"He [Goalie coach Warren Strelow] was a great guy," the goalie [Evgeni Nabokov] said with visible emotion following the Sharks' morning warm-up session. "He helped me learn not to feel too much high or too much down after one game or even one period."
Stay on even keel, Strelow would tell Nabokov. Keep a cool head through the craziness. Later in the day, no advice would come in more handy.
“Obviously you’re not happy anytime you’re not playing,” said [Mark] Bell. “I’m sure other guys are chomping at the bit to get in. You try not to be too mad and stay even keel. My chance will come again. They made the decision that will be best for the team.”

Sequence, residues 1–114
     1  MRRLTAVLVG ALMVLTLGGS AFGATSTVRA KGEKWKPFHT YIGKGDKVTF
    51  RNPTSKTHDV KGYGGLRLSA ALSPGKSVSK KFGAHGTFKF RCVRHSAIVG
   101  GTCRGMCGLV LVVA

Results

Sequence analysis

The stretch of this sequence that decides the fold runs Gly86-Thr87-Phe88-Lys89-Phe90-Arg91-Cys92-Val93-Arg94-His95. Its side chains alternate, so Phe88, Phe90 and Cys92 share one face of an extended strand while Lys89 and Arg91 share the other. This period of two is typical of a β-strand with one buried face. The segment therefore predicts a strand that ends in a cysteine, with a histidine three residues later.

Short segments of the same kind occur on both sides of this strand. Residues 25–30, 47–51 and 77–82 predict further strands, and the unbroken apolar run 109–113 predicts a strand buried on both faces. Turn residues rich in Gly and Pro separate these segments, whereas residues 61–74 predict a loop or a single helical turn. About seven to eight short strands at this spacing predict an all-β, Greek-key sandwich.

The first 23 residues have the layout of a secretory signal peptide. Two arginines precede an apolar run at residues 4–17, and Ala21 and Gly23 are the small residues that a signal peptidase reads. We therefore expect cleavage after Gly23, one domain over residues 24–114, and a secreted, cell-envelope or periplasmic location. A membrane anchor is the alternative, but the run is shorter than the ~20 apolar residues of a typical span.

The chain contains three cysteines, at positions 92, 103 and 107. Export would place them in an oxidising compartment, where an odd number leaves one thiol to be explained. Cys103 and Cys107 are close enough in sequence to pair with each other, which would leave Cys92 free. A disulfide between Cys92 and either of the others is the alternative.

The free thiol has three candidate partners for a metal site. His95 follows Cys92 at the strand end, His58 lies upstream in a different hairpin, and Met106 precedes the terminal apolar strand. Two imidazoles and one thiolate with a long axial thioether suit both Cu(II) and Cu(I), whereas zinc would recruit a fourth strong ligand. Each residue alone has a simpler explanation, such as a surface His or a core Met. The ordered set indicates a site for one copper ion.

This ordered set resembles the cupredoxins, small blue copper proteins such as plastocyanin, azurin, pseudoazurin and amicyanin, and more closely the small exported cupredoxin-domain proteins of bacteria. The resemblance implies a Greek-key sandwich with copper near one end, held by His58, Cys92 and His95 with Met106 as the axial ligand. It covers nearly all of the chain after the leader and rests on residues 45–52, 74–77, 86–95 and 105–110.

These were a few quotes from San Jose Sharks players during their current playoff series against the Nashville Predators. I've talked a bit with one of my friends about the ups and downs of research. Actually, mostly downs. The majority of the time you're stuck going nowhere and not making progress. Ironically, when you make a breakthrough, it passes very quickly. So you have to keep your emotions neutral. It seems that the hockey term for this philosophy is "even keel". As I get through my "rookie" years in science, I hope I'll learn to stay on an even keel.